Jingshan Rock is located at the back sections of Jishan Street in Jiufen, in the neighborhood Daganling. According to the History of the Jingshan Rock
, in 1917 Jiufen local Wang Yongpu, in order to display his thankfulness to the gods, carved out the cliffs where old Jishan Street and the path below Jiufen Elementary met (current location of Jingshan Rock) into statues of the Guanshiyin bodhisattva and her disciples, Shan Cai and Long Nu. In 1927, the cliffs were renovated by Lee Guo and large ceremonies were held every June 19th in the lunar calendar to celebrate the birth of Guanshiyin. In 1967, the founding elders raised money to renovate the statues and built a temple; by 1973, Commissioner Bai Muzhang registered a license for the temple and became its first administrator. An additional right-wing was eventually constructed in 1978, completing the appearance of today's Jingshan Rock. The interior stone walls of the temple are not coated with the usual red paint, leading its colors to be smoked black by the ever present candles in the temple. The columns of the temple are finished with a yellow color commonly used among Buddhist establishments, while the outer walls are plastered with red bricks.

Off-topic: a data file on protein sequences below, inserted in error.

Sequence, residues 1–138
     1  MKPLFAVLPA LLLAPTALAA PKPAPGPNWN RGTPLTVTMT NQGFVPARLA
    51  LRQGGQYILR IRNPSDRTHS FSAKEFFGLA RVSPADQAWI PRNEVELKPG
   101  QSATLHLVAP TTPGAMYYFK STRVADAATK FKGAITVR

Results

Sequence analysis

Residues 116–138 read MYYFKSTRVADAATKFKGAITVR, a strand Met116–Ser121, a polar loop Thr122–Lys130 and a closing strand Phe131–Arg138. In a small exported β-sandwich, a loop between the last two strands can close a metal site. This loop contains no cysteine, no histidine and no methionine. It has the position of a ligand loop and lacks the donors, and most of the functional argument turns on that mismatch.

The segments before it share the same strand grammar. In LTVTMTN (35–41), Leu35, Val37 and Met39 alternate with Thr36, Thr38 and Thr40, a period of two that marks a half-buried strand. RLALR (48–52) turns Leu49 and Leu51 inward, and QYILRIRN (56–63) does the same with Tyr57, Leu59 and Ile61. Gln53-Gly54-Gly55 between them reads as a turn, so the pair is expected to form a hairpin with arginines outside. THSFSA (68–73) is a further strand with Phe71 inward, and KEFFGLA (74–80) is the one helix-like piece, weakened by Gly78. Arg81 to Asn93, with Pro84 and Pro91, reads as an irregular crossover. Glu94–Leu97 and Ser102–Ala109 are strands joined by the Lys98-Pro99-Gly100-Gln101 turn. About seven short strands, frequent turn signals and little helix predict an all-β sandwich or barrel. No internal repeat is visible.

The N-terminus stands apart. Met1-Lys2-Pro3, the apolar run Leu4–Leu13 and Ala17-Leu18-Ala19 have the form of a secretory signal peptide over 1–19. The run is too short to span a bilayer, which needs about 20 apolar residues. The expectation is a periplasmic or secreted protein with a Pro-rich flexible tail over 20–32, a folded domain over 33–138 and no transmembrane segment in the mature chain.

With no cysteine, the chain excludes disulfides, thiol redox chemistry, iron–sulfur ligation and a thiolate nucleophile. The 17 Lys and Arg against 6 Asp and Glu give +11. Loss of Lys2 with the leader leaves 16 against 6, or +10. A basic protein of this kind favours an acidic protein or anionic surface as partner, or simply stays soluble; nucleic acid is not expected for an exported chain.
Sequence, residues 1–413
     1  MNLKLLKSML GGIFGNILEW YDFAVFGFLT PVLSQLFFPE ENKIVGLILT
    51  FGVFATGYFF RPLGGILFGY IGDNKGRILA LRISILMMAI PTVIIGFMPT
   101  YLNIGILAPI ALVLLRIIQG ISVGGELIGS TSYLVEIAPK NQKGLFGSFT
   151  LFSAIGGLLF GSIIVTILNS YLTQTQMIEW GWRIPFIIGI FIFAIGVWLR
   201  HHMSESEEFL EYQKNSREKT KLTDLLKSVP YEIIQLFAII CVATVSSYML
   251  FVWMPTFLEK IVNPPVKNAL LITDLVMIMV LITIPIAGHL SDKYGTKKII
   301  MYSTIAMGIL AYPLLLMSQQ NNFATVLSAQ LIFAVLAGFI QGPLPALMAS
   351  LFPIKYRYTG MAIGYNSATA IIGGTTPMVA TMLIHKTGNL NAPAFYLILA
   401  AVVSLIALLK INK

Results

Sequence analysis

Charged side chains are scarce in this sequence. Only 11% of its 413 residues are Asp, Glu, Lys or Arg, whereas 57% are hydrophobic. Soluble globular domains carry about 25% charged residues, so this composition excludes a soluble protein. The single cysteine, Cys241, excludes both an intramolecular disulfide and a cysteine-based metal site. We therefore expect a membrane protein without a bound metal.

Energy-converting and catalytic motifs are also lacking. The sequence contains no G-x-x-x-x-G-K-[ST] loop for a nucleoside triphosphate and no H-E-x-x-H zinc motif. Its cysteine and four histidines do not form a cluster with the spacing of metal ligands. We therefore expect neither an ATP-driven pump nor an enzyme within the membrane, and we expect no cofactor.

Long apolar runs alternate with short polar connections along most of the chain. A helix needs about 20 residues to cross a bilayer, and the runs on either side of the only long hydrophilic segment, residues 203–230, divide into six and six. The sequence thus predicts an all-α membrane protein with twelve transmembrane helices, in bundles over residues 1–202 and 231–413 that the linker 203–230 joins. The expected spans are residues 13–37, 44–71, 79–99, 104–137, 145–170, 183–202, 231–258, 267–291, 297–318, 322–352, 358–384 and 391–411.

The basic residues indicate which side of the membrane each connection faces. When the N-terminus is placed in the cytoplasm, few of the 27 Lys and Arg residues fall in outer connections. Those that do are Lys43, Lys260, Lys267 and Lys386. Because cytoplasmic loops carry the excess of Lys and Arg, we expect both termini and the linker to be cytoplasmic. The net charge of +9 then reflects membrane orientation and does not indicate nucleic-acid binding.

During the Japanese occupation, the house next to Jingshan Rock gave birth to a popular local proverb: "You can have Dull Hammer money, but you can't buy Dull Hammer houses." This saying originated from a crafty businessman during the time of the occupation, whom locals nicknamed "Dull Hammer". Contrary to his nickname, he was anything but dull; while most people came to Jiufen to try their luck at the gold rush, Dull Hammer spent his time managing his real estate business that was growing from the front end of Jishan Street to the back end. People called his estate the "Dull Hammer Houses", and they eventually would all be rented out to the gold rushers, making him one wealthy landlord.